Will GPS spoofing slow autonomous driving?


Manuel del Castillo explains recent consumer views related to spoofing attacks and why they cause a significant threat for automakers

Autonomous vehicle technology is advancing quickly. Self-driving vehicles on the motorways have become common, promoted  by Tesla, with variants of the technologies available in other makes and models. But many drivers and authorities remain unaware of the susceptibility of these systems to cyber attacks by criminals who can use low-cost equipment to spoof the GPS guidance systems.

Recent research into the views of 2,000 UK consumers and motorists conducted by FocalPoint in association with YouGov shows that whilst consumer awareness of the threat is relatively low, concerns over cyber attacks could impact the rates of adoption for autonomous vehicles or vehicles with advanced driver assistance systems (ADAS).

What is GPS spoofing?

The dangers of spoofing were reported back in 2019 when a Tesla Model 3 was experimentally spoofed successfully. Using off-the-shelf hardware and software, fake satellite signals were illegally broadcast by a spoofer, disrupting the behaviour of the vehicle. Of those surveyed, 82% believe that spoofing will have a detrimental effect on road safety as assisted driving applications and autonomous vehicles become increasingly available.

 One of the main threats proposed by targeted spoofing is forcing a vehicle to a halt, thus enabling the  theft of the vehicle from the owner. During an attack on a vehicle, the spoofer can disrupt the computed location, speed and heading of the victim’s receiver, causing vehicles to think they are in a different location and even potentially provide false information about road conditions, traffic, or obstacles. Autonomous vehicle systems rely on a complex sensor set for collision avoidance and lane-keeping, but in certain circumstances, spoofing GNSS signals can cause the vehicle to miscalculate its position, causing it to change lanes or speed. This puts passengers, pedestrians, and other vehicles at risk.

Concerns over cyber attacks could impact the rates of adoption for autonomous vehicles or vehicles with ADAS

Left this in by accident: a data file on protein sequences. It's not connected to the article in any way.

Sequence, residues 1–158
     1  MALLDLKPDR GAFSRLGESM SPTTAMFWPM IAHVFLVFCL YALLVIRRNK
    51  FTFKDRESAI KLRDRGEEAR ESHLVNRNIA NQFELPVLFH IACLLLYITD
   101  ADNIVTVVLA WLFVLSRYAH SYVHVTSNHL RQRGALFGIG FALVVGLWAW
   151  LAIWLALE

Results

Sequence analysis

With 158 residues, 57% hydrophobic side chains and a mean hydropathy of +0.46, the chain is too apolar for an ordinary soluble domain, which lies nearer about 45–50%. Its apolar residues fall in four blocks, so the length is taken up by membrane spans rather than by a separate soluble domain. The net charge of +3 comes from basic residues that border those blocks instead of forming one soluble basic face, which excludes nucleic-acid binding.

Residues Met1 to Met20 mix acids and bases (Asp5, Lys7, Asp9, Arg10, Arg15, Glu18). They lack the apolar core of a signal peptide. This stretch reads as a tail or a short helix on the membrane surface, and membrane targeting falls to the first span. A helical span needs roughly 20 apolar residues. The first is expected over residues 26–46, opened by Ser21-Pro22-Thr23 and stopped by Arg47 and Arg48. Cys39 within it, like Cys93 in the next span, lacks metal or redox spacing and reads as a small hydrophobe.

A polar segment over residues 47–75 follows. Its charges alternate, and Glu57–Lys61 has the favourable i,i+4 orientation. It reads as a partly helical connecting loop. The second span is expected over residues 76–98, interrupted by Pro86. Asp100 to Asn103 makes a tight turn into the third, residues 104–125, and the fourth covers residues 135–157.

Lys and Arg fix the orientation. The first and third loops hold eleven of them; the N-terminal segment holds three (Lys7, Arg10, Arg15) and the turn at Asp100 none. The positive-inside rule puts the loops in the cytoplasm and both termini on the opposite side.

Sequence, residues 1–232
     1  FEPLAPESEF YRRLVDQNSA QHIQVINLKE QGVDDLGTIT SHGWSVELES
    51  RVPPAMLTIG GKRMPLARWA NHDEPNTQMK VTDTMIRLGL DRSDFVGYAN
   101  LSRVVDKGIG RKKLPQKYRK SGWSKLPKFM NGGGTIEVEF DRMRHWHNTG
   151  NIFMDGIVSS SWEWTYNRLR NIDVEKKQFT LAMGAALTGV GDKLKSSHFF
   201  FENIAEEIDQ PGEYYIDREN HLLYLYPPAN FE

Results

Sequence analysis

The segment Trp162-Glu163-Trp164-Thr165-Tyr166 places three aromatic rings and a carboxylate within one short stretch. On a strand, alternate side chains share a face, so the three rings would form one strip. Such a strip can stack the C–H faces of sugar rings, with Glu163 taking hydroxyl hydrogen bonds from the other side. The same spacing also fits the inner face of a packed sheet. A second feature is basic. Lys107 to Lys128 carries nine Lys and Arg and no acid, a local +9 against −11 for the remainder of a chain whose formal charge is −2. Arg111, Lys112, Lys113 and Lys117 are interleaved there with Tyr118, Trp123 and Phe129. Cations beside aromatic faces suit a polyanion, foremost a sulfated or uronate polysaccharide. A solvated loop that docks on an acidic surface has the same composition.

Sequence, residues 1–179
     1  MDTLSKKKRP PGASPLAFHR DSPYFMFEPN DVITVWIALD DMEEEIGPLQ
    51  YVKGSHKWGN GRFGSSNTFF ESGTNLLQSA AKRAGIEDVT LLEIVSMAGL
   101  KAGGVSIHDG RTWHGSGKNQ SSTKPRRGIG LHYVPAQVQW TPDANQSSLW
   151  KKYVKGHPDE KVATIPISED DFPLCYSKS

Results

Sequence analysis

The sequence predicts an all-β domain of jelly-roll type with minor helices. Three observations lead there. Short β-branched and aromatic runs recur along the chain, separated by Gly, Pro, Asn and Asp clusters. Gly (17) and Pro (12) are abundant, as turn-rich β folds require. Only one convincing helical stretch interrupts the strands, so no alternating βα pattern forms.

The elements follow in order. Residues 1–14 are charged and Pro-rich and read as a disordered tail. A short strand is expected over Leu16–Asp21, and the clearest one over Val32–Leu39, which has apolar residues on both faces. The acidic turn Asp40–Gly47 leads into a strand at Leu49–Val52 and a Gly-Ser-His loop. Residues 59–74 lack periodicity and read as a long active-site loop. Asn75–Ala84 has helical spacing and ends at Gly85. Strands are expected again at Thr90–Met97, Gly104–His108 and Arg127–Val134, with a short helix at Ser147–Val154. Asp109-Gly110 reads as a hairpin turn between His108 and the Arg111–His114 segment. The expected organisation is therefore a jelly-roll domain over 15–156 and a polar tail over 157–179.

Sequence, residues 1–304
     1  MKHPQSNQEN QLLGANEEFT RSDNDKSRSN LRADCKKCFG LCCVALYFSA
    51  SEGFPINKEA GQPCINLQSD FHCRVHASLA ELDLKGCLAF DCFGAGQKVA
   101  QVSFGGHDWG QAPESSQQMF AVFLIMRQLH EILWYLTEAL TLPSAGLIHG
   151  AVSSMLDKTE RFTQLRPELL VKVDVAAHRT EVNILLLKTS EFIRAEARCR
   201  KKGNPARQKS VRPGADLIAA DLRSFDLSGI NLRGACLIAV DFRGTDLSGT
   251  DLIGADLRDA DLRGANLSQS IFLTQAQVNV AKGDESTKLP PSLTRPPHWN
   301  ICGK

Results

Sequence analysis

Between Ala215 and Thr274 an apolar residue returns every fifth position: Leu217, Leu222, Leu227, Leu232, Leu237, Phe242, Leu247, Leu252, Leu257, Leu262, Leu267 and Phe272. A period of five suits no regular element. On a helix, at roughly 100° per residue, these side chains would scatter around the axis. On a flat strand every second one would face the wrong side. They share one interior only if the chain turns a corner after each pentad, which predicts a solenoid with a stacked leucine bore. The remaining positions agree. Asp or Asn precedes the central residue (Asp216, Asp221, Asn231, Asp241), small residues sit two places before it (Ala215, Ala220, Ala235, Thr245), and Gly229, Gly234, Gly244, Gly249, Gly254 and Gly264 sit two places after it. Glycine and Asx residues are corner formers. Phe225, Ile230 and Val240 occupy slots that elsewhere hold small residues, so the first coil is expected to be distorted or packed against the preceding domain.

With autonomous vehicles relying on accurate navigation, time synchronisation and coordination with other vehicles, spoofing also has the potential to disrupt multiple autonomous vehicles simultaneously.

As the tools required for spoofing become cheaper and easily available online, eradicating the threat becomes very difficult. A traditional method to protect against spoofing is to encrypt the radio signal, but this is expensive, complicated and relies on the management of the encryption key. More importantly, is not viable because it requires changes to be made by the owners of the GNSS satellite constellations. An alternative technique is to use expensive and bulky arrays of antennas that can measure the arrival angle of the satellite signals and only use the ones coming from trusted directions. Such an approach is viable because it involves the receivers’ end only, but it is not practical for mass market devices.

Consumer adoption and awareness

The growth of availability and adoption of ADAS systems in new vehicle models suggest that consumers value autonomous features. In addition, studies have suggested ADAS systems can reduce accidents and increase levels of safety on the road. However, the emerging spoofing threat could hamper the growth of the autonomous driving industry. In fact, 45% of the respondents in the UK survey stated the risks of cyber attacks as an influencing factor on the decision to purchase a car with autonomous capabilities, partially or fully automated.

Any GPS-enabled device entails a risk of hacking

67% of respondents were unaware of the impact of spoofing on autonomous vehicle systems. However, after learning of the potential impact, 86% of respondents rated the risk of an accident to autonomous vehicle users and the risk of harm to other road users and pedestrians as a top concern.

With consumers becoming increasingly security savvy, it is time critical for OEMs to consider their approach to increasing awareness and employ effective strategies to mitigate any potential impact across the sensing, communications, and control layers.

Improving cyber security across the supply chain

From July 2024, all newly manufactured cars under ISO/SAE 21434 are responsible for providing a high level of cyber security across their supply chain. That means OEMs and their suppliers will need to adopt a rigorous approach towards cyber security. This includes protection against spoofing cyber attacks to ADAS. Some effective strategies to help mitigate these risks might include employing multiple sensor technologies to help cross validate and ensure accurate positioning and navigation; employing robust anti-spoofing techniques that can help protect autonomous vehicles against GNSS spoofing attacks, encryption and authentication; and working with third parties to consider innovative new technologies.

Looking ahead, OEMs need to ensure management procedures are in place to mitigate any potential security gaps, with well-defined priorities, as part of an integral part of the value chain/ecosystem. This is critical to protect the future growth of the entire autonomous driving industry.

The opinions expressed here are those of the author and do not necessarily reflect the positions of Automotive World Ltd.

Manuel del Castillo is an GNSS industry specialist at FocalPoint

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